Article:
Shea KM. Global climate change and children's health. Pediatrics. 2007 Nov 1; 120(5): e1359-67.
Paz S. Impact of temperature variability on cholera incidence in southeastern Africa, 1971–2006. Ecohealth. 2009 Sep 1; 6(3):340-5.
Lauerman JF. Weathering diarrheal illness effects of El Niño in the South Pacific. Environmental health perspectives. 2001 Feb; 109(2): A84.
Hashizume M, Faruque AS, Terao T, Yunus M, Streatfield K, Yamamoto T, Moji K. The Indian Ocean dipole and cholera incidence in Bangladesh: a time-series analysis. Environmental health perspectives. 2011 Feb 1; 119(2):239.
Cazelles B, Hales S. Infectious diseases, climate influences, and nonstationarity. PLoS Med. 2006 Aug 15; 3(8): e328.
Bhandari GP, Gurung S, Dhimal M, Bhusal CL. Climate change and occurrence of diarrheal diseases: Evolving facts from Nepal. Journal of Nepal Health Research Council. 2013 Jan 3.
Haines A, McMichael AJ, Epstein PR. Environment and health: 2. Global climate change and health. Canadian Medical Association Journal. 2000 Sep 19; 163(6):729-34.
Kovats RS. El Niño and human health. Bulletin of the World Health Organization. 2000 Jan; 78(9):1127-35.
Kolstad EW, Johansson KA. Uncertainties associated with quantifying climate change impacts on human health: a case study for diarrhea. Environmental health perspectives. 2011 Mar; 119(3):299.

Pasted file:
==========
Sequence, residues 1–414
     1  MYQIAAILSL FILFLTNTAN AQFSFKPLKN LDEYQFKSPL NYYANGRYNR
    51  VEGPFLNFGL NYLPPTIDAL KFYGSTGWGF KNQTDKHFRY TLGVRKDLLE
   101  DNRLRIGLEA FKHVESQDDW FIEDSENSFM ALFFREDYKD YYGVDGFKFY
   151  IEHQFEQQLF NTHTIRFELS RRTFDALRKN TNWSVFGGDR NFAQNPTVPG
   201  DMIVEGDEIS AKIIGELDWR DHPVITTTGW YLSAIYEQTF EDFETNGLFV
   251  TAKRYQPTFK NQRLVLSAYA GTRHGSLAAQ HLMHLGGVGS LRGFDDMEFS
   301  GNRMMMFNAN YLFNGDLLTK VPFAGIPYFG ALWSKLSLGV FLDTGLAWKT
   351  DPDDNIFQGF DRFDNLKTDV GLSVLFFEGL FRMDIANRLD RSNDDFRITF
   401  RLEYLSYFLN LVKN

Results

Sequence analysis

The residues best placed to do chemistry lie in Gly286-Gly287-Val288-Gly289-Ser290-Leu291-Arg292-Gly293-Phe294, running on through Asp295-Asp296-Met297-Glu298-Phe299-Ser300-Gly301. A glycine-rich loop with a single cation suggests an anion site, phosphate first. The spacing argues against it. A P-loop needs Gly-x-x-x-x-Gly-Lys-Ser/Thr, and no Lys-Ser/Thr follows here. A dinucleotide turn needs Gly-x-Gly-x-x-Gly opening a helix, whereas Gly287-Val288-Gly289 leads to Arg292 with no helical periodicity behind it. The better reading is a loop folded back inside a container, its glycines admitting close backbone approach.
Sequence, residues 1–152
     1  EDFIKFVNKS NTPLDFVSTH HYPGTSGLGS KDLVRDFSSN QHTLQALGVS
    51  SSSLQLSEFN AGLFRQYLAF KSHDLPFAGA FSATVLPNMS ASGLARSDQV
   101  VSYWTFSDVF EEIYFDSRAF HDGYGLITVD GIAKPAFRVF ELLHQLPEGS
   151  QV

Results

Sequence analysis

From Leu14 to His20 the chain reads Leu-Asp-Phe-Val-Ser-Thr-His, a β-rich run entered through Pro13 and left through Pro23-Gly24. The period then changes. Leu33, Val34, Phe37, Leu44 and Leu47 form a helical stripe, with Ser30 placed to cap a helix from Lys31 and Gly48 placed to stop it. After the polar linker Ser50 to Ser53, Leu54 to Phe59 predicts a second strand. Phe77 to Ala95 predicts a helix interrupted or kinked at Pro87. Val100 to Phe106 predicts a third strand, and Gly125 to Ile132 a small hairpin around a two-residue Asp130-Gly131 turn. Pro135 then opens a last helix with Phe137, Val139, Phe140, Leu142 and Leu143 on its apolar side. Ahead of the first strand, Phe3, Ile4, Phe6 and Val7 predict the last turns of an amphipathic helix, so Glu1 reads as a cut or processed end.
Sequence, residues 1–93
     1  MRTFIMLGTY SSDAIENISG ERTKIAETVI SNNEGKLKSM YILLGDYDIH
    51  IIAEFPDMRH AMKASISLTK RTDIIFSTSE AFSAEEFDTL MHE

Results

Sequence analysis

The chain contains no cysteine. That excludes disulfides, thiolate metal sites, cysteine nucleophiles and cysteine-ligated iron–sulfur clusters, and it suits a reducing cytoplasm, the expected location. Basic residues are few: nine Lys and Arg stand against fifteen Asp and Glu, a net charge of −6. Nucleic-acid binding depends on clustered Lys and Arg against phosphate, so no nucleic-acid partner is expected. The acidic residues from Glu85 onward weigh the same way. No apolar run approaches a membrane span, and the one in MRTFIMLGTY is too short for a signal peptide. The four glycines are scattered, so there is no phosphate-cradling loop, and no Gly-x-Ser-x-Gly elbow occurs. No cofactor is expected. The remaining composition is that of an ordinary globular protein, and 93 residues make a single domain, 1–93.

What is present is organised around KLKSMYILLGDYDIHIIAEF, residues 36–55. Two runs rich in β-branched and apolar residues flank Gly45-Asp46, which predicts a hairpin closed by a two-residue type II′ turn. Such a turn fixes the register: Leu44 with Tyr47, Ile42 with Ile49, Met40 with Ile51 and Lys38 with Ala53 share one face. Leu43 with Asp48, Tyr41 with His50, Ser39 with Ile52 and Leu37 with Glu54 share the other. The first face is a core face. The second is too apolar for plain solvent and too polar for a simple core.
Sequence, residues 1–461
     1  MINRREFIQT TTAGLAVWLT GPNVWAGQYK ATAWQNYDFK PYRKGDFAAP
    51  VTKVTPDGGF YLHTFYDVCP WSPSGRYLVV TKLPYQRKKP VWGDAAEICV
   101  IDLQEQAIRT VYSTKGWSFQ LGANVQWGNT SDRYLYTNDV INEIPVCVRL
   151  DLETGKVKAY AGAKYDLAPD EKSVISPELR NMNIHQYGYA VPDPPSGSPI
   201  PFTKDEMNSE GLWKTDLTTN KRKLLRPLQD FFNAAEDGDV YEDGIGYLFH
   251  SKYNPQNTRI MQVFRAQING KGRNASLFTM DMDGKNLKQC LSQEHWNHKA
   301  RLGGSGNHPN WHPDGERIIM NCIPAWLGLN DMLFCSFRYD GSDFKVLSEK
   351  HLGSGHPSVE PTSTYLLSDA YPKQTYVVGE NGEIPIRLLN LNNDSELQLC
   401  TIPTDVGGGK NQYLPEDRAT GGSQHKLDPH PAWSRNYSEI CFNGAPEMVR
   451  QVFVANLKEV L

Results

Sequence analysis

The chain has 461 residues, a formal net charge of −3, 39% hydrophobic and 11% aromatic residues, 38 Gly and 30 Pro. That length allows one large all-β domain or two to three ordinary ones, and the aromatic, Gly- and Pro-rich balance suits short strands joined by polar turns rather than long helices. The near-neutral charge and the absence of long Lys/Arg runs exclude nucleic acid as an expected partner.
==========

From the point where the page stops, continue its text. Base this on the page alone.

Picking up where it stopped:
Mack A, Choffnes ER, editors. Global issues in water, sanitation, and health: workshop summary. National Academies Press; 2009 Oct 25.
Deb AK, Kanungo S, Deb M, Nair GB. Impact of climate change on health and strategies for mitigation and adaptation. WHO South-East Asia Journal of Public Health. 2012 Jan 1; 1(1):8.
Nkoko DB, Giraudoux P, Plisnier PD, Tinda AM, Piarroux M, Sudre B, Horion S, Tamfum JJ, Ilunga BK, Piarroux R. Dynamics of cholera outbreaks in Great Lakes region of Africa, 1978–2008. Emerging infectious diseases. 2011 Nov; 17(11):2026.
Alexander KA, Carzolio M, Goodin D, Vance E. Climate change is likely to worsen the public health threat of diarrheal disease in Botswana. International journal of environmental research and public health. 2013 Mar 26; 10(4):1202-30.
World Health Organization. WHO South-East Asia Journal of Public Health, Volume 6, Issue 1, April 2017.
Field CB, editor. Managing the risks of extreme events and disasters to advance climate change adaptation: special report of the intergovernmental panel on climate change. Cambridge University Press; 2012 May 28.
Moreno AR. Climate change and human health in Latin America: drivers, effects, and policies. Regional Environmental Change. 2006 May 1; 6(3):157-64.